3

I want to search within file contents, recursively on subdirectories, but I only care about whether the first level subdirectory contains any matches. That is, given:

ParentDirectory
    Subdirectory1
        File containing match
        File not containing match
        File containing match
    Subdirectory2
        File not containing match
        File not containing match
    Subdirectory3
        File not containing match
        Subdirectory3.1
            File containing match

I need to know:

Matches:
ParentDirectory/Subdirectory1
ParentDirectory/Subdirectory3

Can someone provide a way to do this with grep or similar utility?

4
  • So you have to search all of the subdirectories, but you only want to report matches based on the first-level subdirectory?
    – Jeff Schaller
    Sep 4 '19 at 13:36
  • What I'm trying to clarify is that you don't need files that are directly in "subdirectory3" to match in order to report it.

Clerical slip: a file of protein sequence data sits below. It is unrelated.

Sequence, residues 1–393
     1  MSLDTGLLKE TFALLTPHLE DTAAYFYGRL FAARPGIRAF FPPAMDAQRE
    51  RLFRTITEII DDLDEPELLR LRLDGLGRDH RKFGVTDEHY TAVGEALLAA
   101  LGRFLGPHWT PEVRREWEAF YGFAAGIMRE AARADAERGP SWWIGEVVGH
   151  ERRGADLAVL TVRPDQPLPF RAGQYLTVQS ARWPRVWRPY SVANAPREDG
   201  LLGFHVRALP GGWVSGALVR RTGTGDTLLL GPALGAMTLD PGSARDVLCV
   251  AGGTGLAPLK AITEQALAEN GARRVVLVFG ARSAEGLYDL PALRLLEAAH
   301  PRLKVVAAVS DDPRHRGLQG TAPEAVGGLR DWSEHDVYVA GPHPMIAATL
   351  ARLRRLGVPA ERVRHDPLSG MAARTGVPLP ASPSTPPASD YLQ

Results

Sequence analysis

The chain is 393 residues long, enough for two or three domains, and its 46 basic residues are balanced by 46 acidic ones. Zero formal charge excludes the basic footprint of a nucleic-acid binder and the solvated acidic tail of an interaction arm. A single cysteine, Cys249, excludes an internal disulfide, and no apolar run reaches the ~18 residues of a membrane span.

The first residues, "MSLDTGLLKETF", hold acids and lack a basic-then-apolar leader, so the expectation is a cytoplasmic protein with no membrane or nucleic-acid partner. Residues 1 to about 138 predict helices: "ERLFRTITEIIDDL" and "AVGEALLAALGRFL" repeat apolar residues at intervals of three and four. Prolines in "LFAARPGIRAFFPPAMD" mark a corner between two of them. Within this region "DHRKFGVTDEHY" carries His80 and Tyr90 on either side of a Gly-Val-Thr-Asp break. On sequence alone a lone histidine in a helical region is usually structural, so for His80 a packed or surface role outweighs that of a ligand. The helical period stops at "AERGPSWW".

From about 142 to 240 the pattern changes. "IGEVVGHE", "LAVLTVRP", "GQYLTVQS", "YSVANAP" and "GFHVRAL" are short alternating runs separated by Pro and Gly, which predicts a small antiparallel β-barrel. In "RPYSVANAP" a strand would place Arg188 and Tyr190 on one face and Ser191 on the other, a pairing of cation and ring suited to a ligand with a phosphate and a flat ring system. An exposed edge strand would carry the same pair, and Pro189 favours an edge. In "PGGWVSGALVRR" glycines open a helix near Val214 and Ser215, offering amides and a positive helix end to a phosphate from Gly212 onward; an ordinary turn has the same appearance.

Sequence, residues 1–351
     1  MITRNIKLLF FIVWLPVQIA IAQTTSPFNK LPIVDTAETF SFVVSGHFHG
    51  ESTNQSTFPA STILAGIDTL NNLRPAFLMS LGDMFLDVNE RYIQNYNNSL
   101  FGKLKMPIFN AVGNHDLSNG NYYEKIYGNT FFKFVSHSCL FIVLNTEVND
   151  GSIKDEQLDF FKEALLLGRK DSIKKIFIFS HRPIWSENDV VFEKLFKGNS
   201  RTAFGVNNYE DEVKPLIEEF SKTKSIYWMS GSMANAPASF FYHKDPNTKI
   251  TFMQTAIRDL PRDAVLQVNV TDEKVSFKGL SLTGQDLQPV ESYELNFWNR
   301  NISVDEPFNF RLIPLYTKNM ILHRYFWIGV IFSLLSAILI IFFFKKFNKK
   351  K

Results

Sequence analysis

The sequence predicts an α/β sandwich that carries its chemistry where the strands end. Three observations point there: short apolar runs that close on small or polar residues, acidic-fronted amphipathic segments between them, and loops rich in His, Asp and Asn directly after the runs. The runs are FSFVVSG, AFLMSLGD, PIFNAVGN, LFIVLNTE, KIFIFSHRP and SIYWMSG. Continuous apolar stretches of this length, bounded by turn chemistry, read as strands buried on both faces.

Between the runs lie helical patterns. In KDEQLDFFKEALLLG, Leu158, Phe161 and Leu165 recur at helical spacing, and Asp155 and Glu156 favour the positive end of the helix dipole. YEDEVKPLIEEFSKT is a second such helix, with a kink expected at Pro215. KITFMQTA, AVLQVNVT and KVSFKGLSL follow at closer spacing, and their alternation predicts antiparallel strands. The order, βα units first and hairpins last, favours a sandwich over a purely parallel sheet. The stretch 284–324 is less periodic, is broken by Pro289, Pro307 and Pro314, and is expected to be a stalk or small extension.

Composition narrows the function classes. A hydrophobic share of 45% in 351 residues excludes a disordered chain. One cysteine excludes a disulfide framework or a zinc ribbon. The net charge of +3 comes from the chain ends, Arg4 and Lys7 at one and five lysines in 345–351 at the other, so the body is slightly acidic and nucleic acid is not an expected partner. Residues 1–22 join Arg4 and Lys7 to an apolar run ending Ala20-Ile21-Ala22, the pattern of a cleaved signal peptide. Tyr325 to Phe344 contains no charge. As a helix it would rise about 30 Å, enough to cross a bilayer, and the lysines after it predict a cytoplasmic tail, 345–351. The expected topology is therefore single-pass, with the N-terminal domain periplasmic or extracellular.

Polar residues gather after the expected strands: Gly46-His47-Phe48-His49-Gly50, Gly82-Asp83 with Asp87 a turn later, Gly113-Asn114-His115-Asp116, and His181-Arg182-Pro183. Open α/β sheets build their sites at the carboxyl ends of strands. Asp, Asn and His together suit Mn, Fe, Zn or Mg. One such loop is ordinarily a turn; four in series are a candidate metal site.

– Jeff Schaller
    Sep 4 '19 at 13:42
  • @jeff-Schaller yes (which also means search can stop at first match in a given level of subdirectory)
    – taz
    Sep 4 '19 at 13:44
  • I'd do it with find and a maxdepth to limit what files are looked in, then use the -exec option for your grep or pipe through xargs. find . -maxdepth 2 -type f -exec grep -H searchterm {} \;
    – ivanivan
    Sep 4 '19 at 14:07
2

Use find to run recursive grep on each subdirectory:

echo "Matches:"
find ParentDirectory -mindepth 1 -maxdepth 1 -type d \
  -exec grep -rq pattern {} \; \
  -and -print

-q option lets grep stop at first match
-and -print will make find print the directory only when grep found something.


Alternative with a for-loop:

echo "Matches:"
for d in ParentDirectory/* ; do
    [ -d "$d" ] && grep -rq pattern "$d" && echo "$d"
done

Output for either version:

Matches:
ParentDirectory/Subdirectory1
ParentDirectory/Subdirectory3

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